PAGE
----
At the appointed time, hundreds of us log on to the virtual memorial service. We gather to mourn in one another's living rooms, home offices and bedrooms. As the first prayer is read, our faces are blank; we are unsure how to behave, how to grieve in this format.
Some of us sit on imagined pews, upright and pious; others of us rest elbows on tables, heads in hands. A few of us wear black; one entire family is in sport shorts. Once the ceremony is underway, some of us remain church-still, and others come in and out of the screen to let the dog out, or tend to wayward children. One woman eats dinner during the eulogy, looking up between bites of stew. As a loved one reads a poem, her voice catches, falters and she cries aloud onscreen. In unison, we bow our heads, dab our eyes. When we have to look away, we gaze absent-mindedly into each other's homes. A couple sits in front of an enormous landscape painting; brushstrokes of every possible shade of green move across the canvas. My god, we wonder, stupidly, is that a Kandinsky?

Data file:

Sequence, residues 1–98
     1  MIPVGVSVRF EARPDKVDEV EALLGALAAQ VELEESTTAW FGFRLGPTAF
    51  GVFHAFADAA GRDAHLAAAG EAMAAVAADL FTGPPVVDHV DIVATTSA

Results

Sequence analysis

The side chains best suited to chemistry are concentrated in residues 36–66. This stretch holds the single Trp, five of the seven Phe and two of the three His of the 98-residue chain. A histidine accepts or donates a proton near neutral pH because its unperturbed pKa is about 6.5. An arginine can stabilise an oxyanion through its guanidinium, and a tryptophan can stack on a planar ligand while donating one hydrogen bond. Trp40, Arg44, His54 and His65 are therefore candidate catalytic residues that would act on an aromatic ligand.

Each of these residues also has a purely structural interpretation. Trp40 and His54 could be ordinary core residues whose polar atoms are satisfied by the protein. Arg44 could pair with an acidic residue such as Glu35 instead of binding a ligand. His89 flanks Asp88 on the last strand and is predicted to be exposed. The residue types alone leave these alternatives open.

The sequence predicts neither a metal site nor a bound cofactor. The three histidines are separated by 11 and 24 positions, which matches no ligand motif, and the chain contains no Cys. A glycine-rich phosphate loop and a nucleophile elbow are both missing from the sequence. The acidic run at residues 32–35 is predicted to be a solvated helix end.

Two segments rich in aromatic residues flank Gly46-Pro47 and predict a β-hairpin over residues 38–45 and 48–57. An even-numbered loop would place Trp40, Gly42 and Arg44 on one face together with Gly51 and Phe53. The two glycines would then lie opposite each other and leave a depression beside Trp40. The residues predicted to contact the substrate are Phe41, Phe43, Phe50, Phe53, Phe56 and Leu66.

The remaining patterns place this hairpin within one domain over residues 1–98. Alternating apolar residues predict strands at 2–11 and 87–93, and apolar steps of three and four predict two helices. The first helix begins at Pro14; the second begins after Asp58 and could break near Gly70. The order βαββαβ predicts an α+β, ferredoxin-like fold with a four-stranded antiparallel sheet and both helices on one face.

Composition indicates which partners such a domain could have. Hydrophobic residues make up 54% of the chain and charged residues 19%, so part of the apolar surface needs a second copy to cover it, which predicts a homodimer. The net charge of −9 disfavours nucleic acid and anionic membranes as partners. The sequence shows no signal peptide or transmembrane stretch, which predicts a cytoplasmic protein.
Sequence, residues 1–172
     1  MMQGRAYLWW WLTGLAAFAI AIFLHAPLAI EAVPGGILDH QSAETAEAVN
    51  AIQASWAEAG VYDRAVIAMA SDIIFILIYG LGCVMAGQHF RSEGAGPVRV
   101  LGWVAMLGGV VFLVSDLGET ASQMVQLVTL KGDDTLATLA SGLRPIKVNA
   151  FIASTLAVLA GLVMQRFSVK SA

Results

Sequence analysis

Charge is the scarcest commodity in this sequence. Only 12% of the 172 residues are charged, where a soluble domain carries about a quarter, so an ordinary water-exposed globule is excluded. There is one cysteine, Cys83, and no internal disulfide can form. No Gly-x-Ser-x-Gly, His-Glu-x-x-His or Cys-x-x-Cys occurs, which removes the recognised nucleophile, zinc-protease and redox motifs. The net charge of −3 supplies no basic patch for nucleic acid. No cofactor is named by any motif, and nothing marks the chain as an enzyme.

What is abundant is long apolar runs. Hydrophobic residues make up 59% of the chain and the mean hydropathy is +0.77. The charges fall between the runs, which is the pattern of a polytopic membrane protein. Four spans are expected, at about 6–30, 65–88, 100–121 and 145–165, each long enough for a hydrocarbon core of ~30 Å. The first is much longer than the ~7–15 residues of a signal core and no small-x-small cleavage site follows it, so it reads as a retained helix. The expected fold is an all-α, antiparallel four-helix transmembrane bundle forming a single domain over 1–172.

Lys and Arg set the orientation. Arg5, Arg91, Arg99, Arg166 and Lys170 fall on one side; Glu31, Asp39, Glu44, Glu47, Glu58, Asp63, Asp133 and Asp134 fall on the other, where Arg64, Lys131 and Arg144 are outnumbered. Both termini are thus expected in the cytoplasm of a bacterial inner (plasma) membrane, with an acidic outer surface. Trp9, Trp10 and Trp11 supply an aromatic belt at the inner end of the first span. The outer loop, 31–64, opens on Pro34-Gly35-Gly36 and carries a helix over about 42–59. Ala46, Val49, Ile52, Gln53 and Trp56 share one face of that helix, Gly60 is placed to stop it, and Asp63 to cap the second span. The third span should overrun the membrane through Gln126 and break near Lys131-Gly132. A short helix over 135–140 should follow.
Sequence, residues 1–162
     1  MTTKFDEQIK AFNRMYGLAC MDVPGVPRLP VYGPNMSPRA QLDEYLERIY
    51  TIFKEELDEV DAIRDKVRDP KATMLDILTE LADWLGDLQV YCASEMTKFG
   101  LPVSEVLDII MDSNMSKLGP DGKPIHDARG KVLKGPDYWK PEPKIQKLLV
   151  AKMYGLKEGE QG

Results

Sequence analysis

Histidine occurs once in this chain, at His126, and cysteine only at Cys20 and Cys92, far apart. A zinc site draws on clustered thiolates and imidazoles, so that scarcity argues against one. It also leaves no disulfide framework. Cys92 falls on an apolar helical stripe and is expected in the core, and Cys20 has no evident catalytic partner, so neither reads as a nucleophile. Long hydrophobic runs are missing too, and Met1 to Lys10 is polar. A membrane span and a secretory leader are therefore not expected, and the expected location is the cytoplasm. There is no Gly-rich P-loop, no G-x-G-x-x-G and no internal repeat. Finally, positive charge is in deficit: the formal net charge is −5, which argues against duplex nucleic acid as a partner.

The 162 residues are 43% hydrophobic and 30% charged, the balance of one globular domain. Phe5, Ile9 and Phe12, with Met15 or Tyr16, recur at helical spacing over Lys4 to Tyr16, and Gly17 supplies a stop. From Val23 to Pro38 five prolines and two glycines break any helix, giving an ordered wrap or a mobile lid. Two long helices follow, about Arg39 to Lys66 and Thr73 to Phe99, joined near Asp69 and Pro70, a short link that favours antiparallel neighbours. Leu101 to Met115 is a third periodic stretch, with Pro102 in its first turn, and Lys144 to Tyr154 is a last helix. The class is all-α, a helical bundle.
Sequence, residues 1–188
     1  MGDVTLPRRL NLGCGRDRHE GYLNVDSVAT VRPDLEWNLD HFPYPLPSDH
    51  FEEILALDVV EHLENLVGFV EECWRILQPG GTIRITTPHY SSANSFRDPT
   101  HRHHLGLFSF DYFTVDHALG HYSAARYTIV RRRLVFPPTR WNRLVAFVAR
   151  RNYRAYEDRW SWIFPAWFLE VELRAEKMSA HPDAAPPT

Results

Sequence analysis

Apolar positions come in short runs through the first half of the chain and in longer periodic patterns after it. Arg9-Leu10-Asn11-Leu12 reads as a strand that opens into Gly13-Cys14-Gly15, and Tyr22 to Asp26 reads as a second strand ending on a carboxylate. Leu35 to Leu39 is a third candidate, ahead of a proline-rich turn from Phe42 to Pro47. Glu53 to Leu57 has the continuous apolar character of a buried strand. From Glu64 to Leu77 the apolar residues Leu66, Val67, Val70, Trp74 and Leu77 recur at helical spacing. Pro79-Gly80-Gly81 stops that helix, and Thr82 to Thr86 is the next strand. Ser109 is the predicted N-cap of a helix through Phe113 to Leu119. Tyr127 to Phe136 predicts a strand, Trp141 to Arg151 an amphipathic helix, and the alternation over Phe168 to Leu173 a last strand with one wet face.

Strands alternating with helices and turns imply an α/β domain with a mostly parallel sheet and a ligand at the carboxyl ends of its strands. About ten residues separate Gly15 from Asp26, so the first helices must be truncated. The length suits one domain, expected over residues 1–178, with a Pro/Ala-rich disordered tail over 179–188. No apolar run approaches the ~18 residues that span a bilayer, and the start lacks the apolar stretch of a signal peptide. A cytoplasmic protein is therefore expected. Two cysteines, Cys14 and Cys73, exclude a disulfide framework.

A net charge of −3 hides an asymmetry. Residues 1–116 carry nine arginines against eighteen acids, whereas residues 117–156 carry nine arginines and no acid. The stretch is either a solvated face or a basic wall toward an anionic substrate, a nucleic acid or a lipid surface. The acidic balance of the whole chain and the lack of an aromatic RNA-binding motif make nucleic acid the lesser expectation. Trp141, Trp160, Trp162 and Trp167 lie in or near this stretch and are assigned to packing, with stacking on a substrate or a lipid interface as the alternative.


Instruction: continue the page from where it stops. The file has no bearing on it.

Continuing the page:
Meanwhile, as the grown son of the dead man weeps in muted, sorrowful heaves, none of us can put an arm around him to say, I know, I know.